As we noted in the first installment of this series, aggregators, private equity firms and other investors have gotten more discriminating in the e-commerce companies they will consider buying and the price they will pay. That means companies looking for an acquirer—and a higher valuation—must be able to stand out above the crowd.
Here are some ways you can make your business more compelling for prospective buyers.
Boost store traffic
Generally speaking, e-commerce sites with high traffic are worth more than those with less. So the first step in the process is to attract prospective customers to your site. One way is to establish brand recognition for your business, from past sales, online advertising, word-of-mouth, and the like.
An important component in getting people to find you is SEO (search engine optimization). The stronger your SEO presence, the more traffic you’ll be able to drive to your website. Ranking highly in Google searches—preferably on the first page—is essential to drawing people to your site.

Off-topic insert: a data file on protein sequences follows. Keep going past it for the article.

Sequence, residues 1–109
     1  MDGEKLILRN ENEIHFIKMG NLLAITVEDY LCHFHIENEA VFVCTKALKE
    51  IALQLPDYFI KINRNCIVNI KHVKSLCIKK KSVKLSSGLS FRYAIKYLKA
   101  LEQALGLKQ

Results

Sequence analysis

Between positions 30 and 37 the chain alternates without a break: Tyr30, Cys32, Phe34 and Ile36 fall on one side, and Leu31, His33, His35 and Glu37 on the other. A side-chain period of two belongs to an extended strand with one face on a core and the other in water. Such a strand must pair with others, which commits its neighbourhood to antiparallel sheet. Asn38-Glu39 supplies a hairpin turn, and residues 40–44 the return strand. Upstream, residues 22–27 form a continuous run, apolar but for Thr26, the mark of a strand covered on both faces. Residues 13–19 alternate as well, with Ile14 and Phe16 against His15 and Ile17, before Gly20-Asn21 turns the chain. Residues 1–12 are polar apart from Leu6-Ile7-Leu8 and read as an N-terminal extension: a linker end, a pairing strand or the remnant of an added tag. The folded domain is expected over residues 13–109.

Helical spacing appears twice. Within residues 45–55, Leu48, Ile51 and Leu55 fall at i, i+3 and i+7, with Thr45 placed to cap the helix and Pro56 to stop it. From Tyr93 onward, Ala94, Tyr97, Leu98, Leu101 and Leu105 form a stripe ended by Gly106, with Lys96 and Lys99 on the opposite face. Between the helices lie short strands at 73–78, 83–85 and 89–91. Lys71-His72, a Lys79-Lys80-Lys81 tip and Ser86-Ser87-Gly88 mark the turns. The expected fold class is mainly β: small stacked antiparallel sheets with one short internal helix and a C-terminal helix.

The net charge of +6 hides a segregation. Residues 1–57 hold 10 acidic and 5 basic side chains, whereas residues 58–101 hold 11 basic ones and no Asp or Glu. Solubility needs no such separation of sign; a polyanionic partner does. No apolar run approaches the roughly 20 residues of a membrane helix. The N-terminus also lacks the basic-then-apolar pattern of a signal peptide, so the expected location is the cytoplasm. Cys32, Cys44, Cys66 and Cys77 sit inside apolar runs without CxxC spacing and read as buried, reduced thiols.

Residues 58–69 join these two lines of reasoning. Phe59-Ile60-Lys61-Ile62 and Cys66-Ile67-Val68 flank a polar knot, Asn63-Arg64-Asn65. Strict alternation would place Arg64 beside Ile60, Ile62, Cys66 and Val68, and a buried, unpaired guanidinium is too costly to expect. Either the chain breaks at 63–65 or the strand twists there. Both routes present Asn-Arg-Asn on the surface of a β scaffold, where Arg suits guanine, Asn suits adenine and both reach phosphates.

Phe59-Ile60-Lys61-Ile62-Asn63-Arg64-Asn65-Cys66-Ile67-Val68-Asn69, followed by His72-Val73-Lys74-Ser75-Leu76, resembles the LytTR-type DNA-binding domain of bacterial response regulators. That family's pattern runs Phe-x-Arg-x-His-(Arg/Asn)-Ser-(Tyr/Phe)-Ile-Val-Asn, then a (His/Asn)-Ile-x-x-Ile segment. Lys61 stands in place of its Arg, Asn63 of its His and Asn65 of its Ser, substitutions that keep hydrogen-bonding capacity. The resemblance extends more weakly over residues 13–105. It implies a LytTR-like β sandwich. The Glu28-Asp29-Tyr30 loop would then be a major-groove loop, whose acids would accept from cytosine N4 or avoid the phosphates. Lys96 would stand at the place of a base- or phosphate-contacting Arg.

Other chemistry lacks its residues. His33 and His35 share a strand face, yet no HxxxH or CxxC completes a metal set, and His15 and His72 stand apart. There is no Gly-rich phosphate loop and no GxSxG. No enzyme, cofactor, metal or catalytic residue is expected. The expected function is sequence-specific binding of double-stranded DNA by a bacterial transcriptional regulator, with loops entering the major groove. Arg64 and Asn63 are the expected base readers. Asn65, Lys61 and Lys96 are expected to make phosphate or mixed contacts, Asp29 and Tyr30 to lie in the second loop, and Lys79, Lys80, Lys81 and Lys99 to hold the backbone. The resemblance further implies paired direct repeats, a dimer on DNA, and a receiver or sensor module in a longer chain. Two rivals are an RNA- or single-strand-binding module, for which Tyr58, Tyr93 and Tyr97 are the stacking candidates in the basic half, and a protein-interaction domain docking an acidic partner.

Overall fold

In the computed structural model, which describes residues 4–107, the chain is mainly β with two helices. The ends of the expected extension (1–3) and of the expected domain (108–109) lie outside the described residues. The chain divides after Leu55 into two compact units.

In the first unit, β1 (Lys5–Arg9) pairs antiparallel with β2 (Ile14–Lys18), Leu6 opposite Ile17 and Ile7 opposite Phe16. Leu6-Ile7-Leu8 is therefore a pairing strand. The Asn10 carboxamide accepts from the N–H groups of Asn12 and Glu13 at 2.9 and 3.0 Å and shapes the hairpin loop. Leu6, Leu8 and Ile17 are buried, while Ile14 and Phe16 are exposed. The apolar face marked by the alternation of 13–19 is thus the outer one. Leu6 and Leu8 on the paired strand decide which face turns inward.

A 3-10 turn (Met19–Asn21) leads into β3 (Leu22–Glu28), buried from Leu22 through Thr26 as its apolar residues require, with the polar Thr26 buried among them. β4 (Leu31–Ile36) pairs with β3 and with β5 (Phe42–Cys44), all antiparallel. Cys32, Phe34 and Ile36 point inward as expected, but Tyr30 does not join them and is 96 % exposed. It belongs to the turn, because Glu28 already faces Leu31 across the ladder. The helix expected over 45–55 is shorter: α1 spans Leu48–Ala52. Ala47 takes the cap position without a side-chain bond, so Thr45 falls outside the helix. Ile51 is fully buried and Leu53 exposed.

There’s also no substitute for a good and updated customer email list. Email is still one of the best—and most cost effective—ways to keep your customers informed and your company top of mind. Moosend found that emails sent to customers who had abandoned their shopping carts were opened 45% of the time and had a 21% click-through rate that resulted in half of those clicks becoming purchases.
Turn browsers into buyers
Of course, getting people to visit your store is only part of the battle. Even more important is converting them into paying customers, and that’s not easy. According to Statista, only 2.17% of global e-commerce website visits were converted into purchases in Q3 2020; in the U.S., the figure was only slightly better, at 2.57%. You must give people a compelling reason to buy, and not just the lowest prices, which can hurt profitability.